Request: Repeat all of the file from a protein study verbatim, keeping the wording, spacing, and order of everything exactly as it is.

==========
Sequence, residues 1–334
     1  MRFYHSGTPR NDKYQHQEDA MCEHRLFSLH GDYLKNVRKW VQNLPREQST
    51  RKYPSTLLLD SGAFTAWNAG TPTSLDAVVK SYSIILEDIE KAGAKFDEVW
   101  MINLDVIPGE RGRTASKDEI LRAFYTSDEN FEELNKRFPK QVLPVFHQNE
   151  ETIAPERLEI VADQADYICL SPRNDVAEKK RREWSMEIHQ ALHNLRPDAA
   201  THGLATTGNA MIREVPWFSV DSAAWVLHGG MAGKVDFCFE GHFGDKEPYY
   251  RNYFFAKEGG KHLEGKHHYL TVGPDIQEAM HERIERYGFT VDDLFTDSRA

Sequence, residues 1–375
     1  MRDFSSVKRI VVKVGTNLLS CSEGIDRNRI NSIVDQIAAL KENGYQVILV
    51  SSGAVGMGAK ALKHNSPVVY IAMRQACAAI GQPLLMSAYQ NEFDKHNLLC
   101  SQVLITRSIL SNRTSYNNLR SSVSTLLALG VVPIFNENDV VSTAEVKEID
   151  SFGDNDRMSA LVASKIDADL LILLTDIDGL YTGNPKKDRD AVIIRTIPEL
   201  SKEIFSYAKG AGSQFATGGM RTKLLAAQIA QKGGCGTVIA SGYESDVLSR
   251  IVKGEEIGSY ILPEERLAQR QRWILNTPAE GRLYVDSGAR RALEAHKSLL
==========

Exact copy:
Sequence, residues 1–334
     1  MRFYHSGTPR NDKYQHQEDA MCEHRLFSLH GDYLKNVRKW VQNLPREQST
    51  RKYPSTLLLD SGAFTAWNAG TPTSLDAVVK SYSIILEDIE KAGAKFDEVW
   101  MINLDVIPGE RGRTASKDEI LRAFYTSDEN FEELNKRFPK QVLPVFHQNE
   151  ETIAPERLEI VADQADYICL SPRNDVAEKK RREWSMEIHQ ALHNLRPDAA
   201  THGLATTGNA MIREVPWFSV DSAAWVLHGG MAGKVDFCFE GHFGDKEPYY
   251  RNYFFAKEGG KHLEGKHHYL TVGPDIQEAM HERIERYGFT VDDLFTDSRA

Sequence, residues 1–375
     1  MRDFSSVKRI VVKVGTNLLS CSEGIDRNRI NSIVDQIAAL KENGYQVILV
    51  SSGAVGMGAK ALKHNSPVVY IAMRQACAAI GQPLLMSAYQ NEFDKHNLLC
   101  SQVLITRSIL SNRTSYNNLR SSVSTLLALG VVPIFNENDV VSTAEVKEID
   151  SFGDNDRMSA LVASKIDADL LILLTDIDGL YTGNPKKDRD AVIIRTIPEL
   201  SKEIFSYAKG AGSQFATGGM RTKLLAAQIA QKGGCGTVIA SGYESDVLSR
   251  IVKGEEIGSY ILPEERLAQR QRWILNTPAE GRLYVDSGAR RALEAHKSLL